The most successful NFT projects provide some form of utility — either virtual or “real world” — to members. Bored Apes Yacht Club (BAYC), one of the most successful NFT projects to date, hosted a series of exclusive and extravagant social events during NFT.NYC. Events ranged from Yacht and warehouse parties to immersive gallery experiences, and were only accessible to BAYC holders. Other NFTs grant owners access to digital forms of utility, such as special features and resources within video games. (It’s worth noting that utility can live at the NFT project level, as well as at a specific NFT attribute level. For example, owners of NFTs that have a specific stylistic element may have access to additional layers of utility not available at the broader ownership level.)

Lastly, many projects will provide a project roadmap, detailing plans for future utilities. If the project is far along enough to do so, it’s worth noting whether or not roadmap milestones have been met, and how “valuable” future utilities will be.


This attribute of an NFT, while obvious, can sometimes be overlooked — what does it actually look like! Do you like the appearance of the piece? Are you proud to display, in private or to others, both digitally and physically? There are a growing number of digital galleries where owners of NFTs can share their pieces as part of curated collections. There are also dozens of hardware offerings that enable the physical portrayal of NFTs in both public and private spaces.

The Creator:

In addition to the piece itself, it’s worth spending some time learning about a project’s creator before purchasing an NFT. Is the artwork algorithmically generated? Or, is the creator a longstanding or respected artist who’s recently made the jump to the NFT space? There is no right or wrong answer regarding which is “better.” But, investors should consider their preferences, in line with specific and unique motivations for purchasing NFTs in the first place.

Personally, because I have a background in art, I’ve gravitated towards NFT creators that are artists in the more traditional sense. One of my recent NFT purchases, for example, was created by Steven Rea. Rea, or “Brain Vomit”, is a Bay Area artist who’s been painting and sketching since he was a kid. While he’s only recently entered the digital art space, he’s a respected artist within his category. And, importantly, I felt his aesthetic would translate well to the digital world.

Beyond his art, I’ve been incredibly impressed with Rea’s commitment to nurturing and growing his NFT community. He’s an active and positive participant on the project’s Twitter and Discord. And, moreover, although the project’s price floor is rising, he’s committed to reinvesting proceeds back into the community, other artists and and relevant social causes.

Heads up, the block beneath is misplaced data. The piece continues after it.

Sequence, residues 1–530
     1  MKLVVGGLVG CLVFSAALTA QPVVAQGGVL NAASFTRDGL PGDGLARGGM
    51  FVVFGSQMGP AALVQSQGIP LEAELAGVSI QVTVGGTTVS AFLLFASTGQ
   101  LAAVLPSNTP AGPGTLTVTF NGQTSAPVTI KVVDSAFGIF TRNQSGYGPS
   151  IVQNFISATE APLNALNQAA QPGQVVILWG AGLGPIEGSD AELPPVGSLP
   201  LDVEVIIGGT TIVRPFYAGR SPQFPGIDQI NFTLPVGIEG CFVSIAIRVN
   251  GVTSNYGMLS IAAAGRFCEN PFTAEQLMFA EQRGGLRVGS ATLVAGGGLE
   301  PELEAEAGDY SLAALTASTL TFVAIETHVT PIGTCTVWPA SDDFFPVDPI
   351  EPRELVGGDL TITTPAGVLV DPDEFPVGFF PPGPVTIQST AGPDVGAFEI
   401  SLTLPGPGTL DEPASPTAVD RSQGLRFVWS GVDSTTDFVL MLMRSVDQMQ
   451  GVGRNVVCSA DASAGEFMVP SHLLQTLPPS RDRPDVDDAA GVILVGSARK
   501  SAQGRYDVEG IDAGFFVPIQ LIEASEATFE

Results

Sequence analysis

Again, these are qualities that resonated with me, given my buying objectives.


The size, activity level, and other measurable elements of an NFT’s community are important to track before making a purchase. However, it’s also worth trying to suss out who is a part of the community, why they joined, and how they’re engaging with other members. Comb through a project’s Twitter profile to see who’s elected to follow or post about the project. Do community members seem credible within the NFT space? Do they list, or display, NFTs of other well known projects on their profiles? Has anyone “high profile” in the NFT space endorsed the project (cough, cough Gary Vee)? And, looking at the current floor price of the NFT, does the overall quality of the community feel high in comparison?

Also spend some time combing through a project’s discord. In addition to message volume, what topics are getting the most attention? Are members just discussing how to pump prices up, or actually engaging in meaningful conversation about the future of the community or project? See below for a legitimately unprompted message from a NFT community I’m a part of.

The community of this NFT project, aesthetically centered around flowers and gardens, also spends a lot of time discussing how to make a positive impact, in particular around reducing carbon emissions.

Lastly, it’s worth noting how engagement is distributed amongst community members. Are there only a handful of loud voices in the room? Or, is involvement and contribution more evenly distributed. Additionally, is the creator of the NFT actively participating? (Arguably, at scale, the NFT creator shouldn’t have to fully manage and engage the community, as members need to derive value from interacting with each other. This is a theme I, and Flybridge, has thought at length about in regards to the creator economy. However, in the early days of a project, creator engagement can be critically important to building the initial community and overall excitement for the project). To that end, some NFT creators maintain anonymous identities, which can sometimes be a red flag.

Quantitative Attributes:


At a high level, “rarity” starts with the size of the project — essentially, how many NFTs a given project consists of. Some projects have 1,000 NFTs, others have 10,000+. Projects with 10,000+ can still be considered “rare”, but it’s worthwhile to note project size at the onset.